The result is shown in FIG. 6. From the concentration ratio of the capture antibodies (probes) to the fluorescent beads (particulate substances), the amount of capture antibodies for one fluorescent bead in the sprayed sample (liquid) is approximately 2.40 pg. From the number of fluorescent beads in the spot, the amount of capture antibodies applied in the spot (the number of fluorescent beads×2.40 pg) could be calculated.

For each of 60 spots having been observed as emitting artifact-free light, the amount of capture antibodies was calculated from the number of fluorescent beads. Then, it was examined if there might be a correlation between the calculated amount of capture antibodies and the luminescence value obtained by enzymatic chemiluminescence in each of the spots. As a result of the examination, linearity of R2=0.5722 was found as shown in FIG. 6. In other words, a correlation was shown between the amount of capture antibodies applied and the luminescence value obtained by enzymatic chemiluminescence.

Thus, by preliminary examination of microfluidic chips in terms of the amount of capture antibodies in the spot through use of the fluorescent beads, a microfluidic chip having the capture antibodies in a certain amount immobilized thereon is selected, or supplementary capture antibodies are added to a microfluidic chip having insufficient capture antibodies. This makes it possible to maintain the amount of capture antibodies in each of the spots constant and to thus improve the quality of the microfluidic chip.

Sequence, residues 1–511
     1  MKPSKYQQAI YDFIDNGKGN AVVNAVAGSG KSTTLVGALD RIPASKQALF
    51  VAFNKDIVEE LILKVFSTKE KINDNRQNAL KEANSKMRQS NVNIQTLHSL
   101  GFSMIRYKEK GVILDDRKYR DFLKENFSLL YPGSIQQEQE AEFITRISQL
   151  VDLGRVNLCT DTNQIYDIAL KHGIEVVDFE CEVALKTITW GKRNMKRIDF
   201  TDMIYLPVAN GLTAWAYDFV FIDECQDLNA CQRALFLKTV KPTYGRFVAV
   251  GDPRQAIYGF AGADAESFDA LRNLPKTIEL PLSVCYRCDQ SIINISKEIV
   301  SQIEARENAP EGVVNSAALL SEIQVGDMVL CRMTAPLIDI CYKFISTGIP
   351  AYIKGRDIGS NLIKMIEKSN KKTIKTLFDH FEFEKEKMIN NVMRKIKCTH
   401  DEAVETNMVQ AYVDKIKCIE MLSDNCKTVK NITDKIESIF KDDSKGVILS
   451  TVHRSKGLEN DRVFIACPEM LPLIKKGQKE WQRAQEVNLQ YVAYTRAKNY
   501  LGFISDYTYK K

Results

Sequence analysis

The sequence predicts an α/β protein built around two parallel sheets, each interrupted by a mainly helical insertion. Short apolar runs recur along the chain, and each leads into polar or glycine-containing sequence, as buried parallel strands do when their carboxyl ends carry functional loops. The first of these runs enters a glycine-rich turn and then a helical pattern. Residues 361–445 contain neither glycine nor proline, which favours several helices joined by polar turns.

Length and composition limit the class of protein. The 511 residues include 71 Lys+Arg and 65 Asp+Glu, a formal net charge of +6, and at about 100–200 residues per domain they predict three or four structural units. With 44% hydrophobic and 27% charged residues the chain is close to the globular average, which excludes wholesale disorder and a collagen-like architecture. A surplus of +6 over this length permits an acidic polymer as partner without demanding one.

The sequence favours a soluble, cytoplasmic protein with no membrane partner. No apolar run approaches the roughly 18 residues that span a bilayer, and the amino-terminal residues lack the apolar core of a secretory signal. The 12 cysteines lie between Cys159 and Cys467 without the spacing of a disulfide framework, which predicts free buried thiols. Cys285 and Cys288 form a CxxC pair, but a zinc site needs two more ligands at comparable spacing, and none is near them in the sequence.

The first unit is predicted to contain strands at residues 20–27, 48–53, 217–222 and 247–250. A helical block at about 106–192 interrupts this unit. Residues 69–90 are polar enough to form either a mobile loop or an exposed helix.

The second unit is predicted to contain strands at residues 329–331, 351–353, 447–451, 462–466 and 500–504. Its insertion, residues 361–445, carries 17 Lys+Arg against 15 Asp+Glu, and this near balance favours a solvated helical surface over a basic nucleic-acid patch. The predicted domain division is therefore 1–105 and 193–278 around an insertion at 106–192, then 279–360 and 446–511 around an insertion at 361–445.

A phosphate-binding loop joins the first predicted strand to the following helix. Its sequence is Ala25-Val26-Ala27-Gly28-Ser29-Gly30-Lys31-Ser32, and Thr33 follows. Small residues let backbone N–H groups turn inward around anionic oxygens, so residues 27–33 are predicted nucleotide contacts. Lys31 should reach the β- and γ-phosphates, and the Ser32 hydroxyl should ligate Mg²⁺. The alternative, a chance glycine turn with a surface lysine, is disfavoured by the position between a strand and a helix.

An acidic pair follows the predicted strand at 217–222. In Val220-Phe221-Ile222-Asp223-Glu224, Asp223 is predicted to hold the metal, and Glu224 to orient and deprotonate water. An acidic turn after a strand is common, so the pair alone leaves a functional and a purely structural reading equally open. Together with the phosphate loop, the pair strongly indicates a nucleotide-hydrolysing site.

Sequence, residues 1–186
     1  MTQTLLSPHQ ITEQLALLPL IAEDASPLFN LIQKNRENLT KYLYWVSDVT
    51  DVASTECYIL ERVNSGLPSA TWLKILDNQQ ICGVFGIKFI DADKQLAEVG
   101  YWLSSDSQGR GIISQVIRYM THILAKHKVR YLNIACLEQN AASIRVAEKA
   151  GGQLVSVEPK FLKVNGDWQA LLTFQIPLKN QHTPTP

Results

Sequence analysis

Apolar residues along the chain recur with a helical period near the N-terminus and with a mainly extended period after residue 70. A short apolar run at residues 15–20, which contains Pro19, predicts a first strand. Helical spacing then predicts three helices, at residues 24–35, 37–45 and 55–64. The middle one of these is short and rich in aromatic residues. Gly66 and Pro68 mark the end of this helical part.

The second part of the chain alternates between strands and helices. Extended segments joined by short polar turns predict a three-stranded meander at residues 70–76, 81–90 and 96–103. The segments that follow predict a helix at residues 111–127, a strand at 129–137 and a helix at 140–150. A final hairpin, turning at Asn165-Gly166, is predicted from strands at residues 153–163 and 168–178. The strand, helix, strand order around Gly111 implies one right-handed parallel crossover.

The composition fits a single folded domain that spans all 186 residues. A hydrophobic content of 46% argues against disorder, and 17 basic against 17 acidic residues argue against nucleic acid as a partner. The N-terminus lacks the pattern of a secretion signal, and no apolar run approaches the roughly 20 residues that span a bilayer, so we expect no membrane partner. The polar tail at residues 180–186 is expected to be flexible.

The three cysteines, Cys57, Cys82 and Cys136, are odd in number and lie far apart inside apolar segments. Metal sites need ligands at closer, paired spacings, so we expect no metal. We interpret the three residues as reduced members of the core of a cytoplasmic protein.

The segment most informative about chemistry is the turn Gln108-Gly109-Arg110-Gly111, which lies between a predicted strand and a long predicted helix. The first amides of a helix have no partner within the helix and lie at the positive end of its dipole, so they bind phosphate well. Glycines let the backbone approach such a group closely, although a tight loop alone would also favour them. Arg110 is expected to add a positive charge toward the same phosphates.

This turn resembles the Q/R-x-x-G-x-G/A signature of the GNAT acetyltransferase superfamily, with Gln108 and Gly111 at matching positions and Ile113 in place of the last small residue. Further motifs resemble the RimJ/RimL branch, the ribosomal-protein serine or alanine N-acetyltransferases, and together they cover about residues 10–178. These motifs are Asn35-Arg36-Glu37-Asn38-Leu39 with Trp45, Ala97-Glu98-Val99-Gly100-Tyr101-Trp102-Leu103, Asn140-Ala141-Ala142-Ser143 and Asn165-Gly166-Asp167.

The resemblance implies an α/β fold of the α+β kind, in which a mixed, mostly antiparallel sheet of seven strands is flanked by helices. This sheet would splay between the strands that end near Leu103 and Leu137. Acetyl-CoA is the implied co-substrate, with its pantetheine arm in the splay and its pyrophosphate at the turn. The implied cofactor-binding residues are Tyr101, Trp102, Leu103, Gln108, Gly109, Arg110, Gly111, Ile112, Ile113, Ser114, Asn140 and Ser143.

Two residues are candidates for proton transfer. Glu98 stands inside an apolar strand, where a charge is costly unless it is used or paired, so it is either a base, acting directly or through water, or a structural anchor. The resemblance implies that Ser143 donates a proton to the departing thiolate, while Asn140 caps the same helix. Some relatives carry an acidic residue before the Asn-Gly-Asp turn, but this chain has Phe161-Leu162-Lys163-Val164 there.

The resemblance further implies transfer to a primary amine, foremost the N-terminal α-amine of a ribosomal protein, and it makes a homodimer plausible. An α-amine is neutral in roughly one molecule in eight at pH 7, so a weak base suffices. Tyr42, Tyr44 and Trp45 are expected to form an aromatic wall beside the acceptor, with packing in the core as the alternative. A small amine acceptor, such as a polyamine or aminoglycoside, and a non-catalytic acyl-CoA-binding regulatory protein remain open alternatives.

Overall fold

By use of a correlation equation of the amount of capture antibodies and the amount of light emission (luminescence value) shown in FIG. 6, correction was made by dividing the measured amount of light emission by the amount of light emission found from the amount of capture anditidies contained in one spot. As to the uniformity as a whole, the coefficient of variation (CV) was improved from 21% to 13% (see FIG. 7). Thus, correction of the measured value based on the amount of probes in the spot can also bring about improvement of the quality of the obtained measured value data.